Inktober 2022: 31 Days And 31 Dishes With Floydian Cookery

October drawing to a close brings with it two things in my mind – Halloween and the end of Inktober. For those not in the know, Inktober is a worldwide art movement started in 2009 by Jake Parker as a challenge to improve his inking skills and develop positive drawing habits. His personal challenge was taken on by more and more people every year until it became a global phenomenon. And when 27-year-old Pranav Joshi from Pune took on the challenge and gave it his own spin, he didn’t imagine his exploits would gather their own cult following on social media as @floydiancookery.

An artist and a foodie, Joshi decided to merge his passions and use drawing prompts to create dishes. He actually took up the challenge last year, drawing each dish he made but unfortunately didn’t make it to the end. Taking it on again this year, he decided to put his videography skills to work and film every cook instead. And 30 days in, he’s still going strong. 

In a chasm of generic food content, his challenge has brought together a community of food lovers who respect the research and creativity he puts into every prompt. In a world with so much noise on social media, his stands out as something truly original and his audience can see that. 

We caught up with the chef and content creator to find out more.

What happened last year why did you decide to do it again?

So last year was a huge flop I just did a week and it got too much. I was also employed which made a huge difference. This year I was taking a break, I quit my job 5 months ago, and decided to focus on food again. That’s when Facebook and Instagram decided to throw up some memories of last year’s Inktober and I took it as a sign that I had to try again. So of course, since I couldn’t complete last year, it just made logical sense to make the challenge even more difficult and so I took on 31 days, 31 videos.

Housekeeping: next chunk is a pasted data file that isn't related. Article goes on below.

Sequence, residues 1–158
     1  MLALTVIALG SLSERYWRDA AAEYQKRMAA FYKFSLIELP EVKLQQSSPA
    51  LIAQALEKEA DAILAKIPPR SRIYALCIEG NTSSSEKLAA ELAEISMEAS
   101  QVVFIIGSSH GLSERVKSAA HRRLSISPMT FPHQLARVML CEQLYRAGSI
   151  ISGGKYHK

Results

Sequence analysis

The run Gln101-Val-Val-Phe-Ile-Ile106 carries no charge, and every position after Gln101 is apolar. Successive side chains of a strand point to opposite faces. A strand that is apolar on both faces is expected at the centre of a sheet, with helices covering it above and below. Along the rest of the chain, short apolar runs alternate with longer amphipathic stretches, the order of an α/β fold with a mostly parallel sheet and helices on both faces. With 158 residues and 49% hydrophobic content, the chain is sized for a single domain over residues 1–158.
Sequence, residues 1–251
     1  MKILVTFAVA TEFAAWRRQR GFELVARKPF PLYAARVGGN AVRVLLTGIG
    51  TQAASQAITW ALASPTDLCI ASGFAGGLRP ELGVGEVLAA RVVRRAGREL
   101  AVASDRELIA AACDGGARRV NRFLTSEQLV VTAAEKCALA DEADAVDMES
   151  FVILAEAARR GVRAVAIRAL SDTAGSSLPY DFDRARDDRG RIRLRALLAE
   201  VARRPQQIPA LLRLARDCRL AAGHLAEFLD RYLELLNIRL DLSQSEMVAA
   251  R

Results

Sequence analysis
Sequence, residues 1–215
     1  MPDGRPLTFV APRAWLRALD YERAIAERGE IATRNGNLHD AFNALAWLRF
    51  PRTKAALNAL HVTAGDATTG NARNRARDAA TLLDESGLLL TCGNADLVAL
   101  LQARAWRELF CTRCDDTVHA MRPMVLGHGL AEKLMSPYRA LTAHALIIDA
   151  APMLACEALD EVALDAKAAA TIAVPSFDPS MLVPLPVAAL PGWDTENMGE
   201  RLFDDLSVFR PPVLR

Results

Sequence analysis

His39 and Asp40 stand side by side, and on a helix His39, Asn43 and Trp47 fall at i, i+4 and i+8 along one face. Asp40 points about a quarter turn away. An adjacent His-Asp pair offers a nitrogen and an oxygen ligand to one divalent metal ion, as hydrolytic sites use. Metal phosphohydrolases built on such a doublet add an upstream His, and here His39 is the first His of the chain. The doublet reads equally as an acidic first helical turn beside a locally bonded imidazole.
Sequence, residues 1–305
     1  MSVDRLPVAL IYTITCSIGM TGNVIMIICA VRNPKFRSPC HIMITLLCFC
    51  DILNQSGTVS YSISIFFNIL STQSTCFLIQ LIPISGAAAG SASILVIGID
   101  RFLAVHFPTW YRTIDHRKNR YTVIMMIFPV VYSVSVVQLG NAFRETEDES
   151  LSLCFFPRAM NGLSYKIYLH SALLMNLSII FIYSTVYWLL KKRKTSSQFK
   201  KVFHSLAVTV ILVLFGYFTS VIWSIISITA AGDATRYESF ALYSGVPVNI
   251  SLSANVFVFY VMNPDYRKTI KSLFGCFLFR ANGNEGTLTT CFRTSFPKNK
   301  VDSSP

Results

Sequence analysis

Why did you do Inktober last year?

My girlfriend does Inktober, and we started dating around October last year. I thought that it would impress her if I did it too. But then I thought, how can I make this mine? I could cook to the prompt and sketch the cook, which is what I did last year. It started as something to impress her, but then it turned out well for me too!

How did you get here?

I’m an engineering dropout, I didn’t have any food background or culinary background whatsoever. I just loved to eat and make food and decided to dive into this world. I just messaged GroundUp, this restaurant in Pune saying ‘I just love the things that you do, I’m really into food, the history and culture and other pops of debauchery that food brings to life. I don’t know if you need a hand but I’d love to join your team and see where it goes.’ And they agreed!

When and why did you start cooking?

I’m huge and I need to feed myself, and my mum just got tired at some point! Just kidding, but yeah, it was just me going into the kitchen, cooking and then being awestruck that my hands could create a dish. One of the first stories that I put up was for Maggi with a curry leaf tadka – such a simple thing in retrospect – but a huge thing for fifth-grade Pranav.